No matter what your musical goals are we will set up a training schedule that fits with your time frame.
The word training is most often seen these days in connection with visits to the gym or musician’s bios (i.e., Ms. Music received her early training at The School for Musical Moxie.) People expect to train for a marathon, or a bike race, or the Olympics, or football, or boxing. They don’t necessarily expect to train for a musical goal.
Perhaps part of the issue is that a large percentage of music students are children and our society shies away from using the word training in connection with children.
Perhaps many people view learning and playing music as a process that is lifelong and so don’t really state personal goals such as I want to play at church, or I want to play Moonlight Sonata for my own enjoyment, I want to play at my sister’s wedding, or I want to enter a competition.
Perhaps teachers impose their own long term plans on students and don’t take in to account how the short term goals of the person they are teaching could fit into those plans or even alter them altogether.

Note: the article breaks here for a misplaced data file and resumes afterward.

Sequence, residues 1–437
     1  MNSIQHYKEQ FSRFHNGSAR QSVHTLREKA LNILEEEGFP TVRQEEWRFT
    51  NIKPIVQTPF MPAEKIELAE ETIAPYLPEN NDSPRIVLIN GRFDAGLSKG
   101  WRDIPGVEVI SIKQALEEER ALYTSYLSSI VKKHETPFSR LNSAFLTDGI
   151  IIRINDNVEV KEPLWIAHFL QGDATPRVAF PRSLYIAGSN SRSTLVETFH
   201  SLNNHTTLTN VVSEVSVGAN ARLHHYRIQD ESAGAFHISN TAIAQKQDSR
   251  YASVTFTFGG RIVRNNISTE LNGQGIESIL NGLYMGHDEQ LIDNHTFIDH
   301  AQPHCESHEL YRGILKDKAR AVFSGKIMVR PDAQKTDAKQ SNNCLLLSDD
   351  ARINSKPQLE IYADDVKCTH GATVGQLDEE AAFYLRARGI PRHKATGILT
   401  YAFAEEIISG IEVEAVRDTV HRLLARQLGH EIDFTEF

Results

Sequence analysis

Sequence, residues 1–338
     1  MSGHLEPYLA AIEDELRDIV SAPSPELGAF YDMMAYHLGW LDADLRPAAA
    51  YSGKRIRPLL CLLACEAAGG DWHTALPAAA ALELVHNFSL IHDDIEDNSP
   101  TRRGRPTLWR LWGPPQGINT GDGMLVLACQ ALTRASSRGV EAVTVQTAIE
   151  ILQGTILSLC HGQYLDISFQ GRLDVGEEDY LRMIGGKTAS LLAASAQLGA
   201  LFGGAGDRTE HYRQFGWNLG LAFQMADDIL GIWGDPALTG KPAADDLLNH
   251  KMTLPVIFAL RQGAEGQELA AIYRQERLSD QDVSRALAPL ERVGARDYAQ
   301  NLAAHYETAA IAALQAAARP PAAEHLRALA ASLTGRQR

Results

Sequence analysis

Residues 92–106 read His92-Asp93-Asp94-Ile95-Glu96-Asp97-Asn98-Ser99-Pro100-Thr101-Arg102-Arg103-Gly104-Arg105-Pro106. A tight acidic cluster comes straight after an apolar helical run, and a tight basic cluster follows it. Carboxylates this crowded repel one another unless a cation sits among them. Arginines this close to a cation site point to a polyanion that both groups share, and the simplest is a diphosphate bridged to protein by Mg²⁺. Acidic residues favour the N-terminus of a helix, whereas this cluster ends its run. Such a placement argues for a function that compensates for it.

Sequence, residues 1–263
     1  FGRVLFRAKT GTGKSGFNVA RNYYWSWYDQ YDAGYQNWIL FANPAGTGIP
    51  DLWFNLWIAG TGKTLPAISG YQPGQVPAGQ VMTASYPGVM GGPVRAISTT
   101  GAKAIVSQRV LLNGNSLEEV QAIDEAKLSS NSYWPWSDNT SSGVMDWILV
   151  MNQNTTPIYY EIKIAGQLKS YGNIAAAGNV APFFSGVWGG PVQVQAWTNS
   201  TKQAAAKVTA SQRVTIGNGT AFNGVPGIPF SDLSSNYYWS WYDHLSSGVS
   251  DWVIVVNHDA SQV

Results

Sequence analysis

Perhaps people are reluctant to voice their goals because they fear that anything less than total success will be viewed as total failure. Yet to the average runner, finishing that marathon that they trained so hard for to the best of their ability is cause for celebration.
Perhaps to 21st Century general society, the word training implies something that has a definite use by date.
Most of us have short and long term goals even if we keep them under a rock someplace and don’t tell anyone. Goals are good. They give us something to work toward. They are milestones as we look back and see where we have been.
So, perhaps we should take back this word training. Perhaps it would let students, parents, and friends alike know that serious work is involved in attaining our musical goals—that it’s not ok to talk on the phone during our “practice” time or skip it all together to go to the mall, or work only when it is convenient and we remember. The word train just might resonate in our sports obsessed society in a way that practice does not.
Here’s an idea. Instead of Practice Directions we might give Training Tips.
Training does not have to imply that you expect to become a professional musician. Training implies that you are serious about making music part of your life and plan to pursue it to the best of your ability. Practice is an aspect of training along with things like diligence, concentration, and discipline. The milestones reached through training are part of a lifelong journey to musical understanding.